After having a pop at the Noah’s Ark Farm Zoo (Alice Roberts visits The UK’s creationist zoo), Alice Roberts has taken aim at the Christian Schools Trust’s actions in teaching creationism to kids (Alice Roberts: children ‘indoctrinated’ by lessons in creationism). According to the article (which is based on an interview in TES), the Christian Schools Trust is actively teaching creationism:
The TV presenter, who is the new president of the Association for Science Education, said that teaching about creationism alongside evolution risked closing pupils’ minds to scientific discoveries.
Her comments came as it emerged that the Christian Schools’ Trust – a network of 40 independent schools – confirmed that teaching about creationism in science was common in its institutions.
The Trust said there was “strong sympathy to Young Earth, six-day creation” in its schools but insisted this did not amount to indoctrination.
Appalling news. Unfortunately as independent schools, these 40 establishments appear to be immune from the requirements to follow the national curriculum:
The new national curriculum for primary schools, due to be introduced this September, contains a clear requirement for pupils to be taught about evolution.
But the curriculum only applies to state schools, not private schools. State-funded academies and free schools can also choose not to follow it.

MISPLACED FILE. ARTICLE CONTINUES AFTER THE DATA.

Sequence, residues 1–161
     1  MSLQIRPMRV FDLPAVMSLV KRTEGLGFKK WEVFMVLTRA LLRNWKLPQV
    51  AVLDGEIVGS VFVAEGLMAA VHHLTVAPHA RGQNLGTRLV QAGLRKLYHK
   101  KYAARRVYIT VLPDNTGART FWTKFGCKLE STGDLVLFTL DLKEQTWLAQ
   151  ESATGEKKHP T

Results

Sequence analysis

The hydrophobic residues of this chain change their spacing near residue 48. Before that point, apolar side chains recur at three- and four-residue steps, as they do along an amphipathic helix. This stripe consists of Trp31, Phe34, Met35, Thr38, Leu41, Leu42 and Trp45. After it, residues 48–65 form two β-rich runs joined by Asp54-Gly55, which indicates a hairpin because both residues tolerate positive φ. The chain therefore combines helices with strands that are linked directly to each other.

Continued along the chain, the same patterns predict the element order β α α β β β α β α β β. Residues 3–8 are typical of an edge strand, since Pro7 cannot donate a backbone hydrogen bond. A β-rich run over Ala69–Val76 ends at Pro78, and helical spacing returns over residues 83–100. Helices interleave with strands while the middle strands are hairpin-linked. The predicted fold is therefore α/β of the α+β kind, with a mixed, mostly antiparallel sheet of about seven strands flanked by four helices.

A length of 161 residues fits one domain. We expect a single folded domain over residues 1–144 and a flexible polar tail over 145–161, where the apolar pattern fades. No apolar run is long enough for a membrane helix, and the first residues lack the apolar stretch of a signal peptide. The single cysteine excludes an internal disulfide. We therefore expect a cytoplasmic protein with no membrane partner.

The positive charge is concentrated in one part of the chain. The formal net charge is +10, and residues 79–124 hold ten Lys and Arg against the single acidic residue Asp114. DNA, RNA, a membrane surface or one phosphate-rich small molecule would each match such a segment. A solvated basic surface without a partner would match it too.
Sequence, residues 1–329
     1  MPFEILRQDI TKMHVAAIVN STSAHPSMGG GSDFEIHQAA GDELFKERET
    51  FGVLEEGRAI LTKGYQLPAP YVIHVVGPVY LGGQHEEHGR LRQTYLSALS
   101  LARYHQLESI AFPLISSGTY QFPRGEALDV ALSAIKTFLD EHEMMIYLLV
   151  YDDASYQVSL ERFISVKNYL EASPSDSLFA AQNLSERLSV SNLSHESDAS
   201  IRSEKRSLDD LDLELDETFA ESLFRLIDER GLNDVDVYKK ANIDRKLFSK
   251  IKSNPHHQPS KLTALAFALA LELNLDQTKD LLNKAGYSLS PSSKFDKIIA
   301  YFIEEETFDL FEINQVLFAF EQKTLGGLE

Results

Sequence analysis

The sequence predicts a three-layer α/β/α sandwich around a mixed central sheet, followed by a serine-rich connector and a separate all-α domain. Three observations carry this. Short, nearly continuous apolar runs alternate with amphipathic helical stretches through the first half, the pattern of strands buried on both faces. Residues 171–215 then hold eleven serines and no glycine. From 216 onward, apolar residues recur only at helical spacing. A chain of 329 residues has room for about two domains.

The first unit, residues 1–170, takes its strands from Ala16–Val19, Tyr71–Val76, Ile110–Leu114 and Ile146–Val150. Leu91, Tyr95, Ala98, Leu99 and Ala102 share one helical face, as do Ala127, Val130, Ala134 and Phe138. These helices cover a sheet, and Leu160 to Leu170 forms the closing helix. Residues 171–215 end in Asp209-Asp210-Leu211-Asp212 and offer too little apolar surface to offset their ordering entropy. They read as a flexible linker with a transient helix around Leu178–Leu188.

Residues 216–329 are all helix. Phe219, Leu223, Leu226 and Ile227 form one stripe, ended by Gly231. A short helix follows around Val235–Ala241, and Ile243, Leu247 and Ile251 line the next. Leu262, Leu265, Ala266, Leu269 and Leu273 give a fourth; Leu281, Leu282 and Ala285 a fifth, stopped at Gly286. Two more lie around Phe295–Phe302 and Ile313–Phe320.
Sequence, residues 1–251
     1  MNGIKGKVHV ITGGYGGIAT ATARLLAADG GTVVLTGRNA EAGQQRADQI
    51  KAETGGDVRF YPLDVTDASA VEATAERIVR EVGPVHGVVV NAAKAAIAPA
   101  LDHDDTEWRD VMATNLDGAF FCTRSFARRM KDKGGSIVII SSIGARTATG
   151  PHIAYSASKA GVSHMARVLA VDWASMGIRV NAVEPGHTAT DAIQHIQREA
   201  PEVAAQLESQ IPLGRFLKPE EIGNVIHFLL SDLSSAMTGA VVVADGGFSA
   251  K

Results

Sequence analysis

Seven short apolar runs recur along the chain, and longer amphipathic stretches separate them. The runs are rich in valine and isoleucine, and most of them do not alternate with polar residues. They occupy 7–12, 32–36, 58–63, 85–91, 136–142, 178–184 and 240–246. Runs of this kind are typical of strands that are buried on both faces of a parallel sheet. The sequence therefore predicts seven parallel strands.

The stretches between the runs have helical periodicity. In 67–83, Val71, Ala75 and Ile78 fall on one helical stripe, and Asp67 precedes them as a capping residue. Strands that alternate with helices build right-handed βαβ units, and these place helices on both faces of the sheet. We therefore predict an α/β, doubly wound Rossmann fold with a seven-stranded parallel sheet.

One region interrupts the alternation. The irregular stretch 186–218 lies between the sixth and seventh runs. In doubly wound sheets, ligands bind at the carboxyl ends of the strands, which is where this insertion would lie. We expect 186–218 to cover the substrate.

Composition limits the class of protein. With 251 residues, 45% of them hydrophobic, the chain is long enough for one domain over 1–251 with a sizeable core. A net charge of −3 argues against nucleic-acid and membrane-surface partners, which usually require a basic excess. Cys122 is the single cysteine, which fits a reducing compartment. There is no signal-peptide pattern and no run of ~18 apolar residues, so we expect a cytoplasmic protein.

This is pretty shabby news, especially the comment that academies and free schools are free to ignore the curriculum and teach anti-scientific bronze age drivel. Perhaps the comments of a high-profile Professor of Public Engagement in Science (and the new President of the Association for Science Education) will have a significant effect.
A similar article at The Guardian’s website (Ban the teaching of creationism in science lessons, says Alice Roberts) covers the same stuff:
In an interview with the Times Educational Supplement (TES), Prof Roberts, who has presented a number of BBC programmes including The Incredible Human Journey and Origins of Us, said: “There should be regulation that prevents all schools, not just state schools, from teaching creationism because it is indoctrination, it is planting ideas into children’s heads. We should be teaching children to be much more open-minded.
“People who believe in creationism say that by teaching evolution you are indoctrinating them with science, but I just don’t agree with that. Science is about questioning things. It’s about teaching people to say, ‘I don’t believe it until we have very strong evidence’.”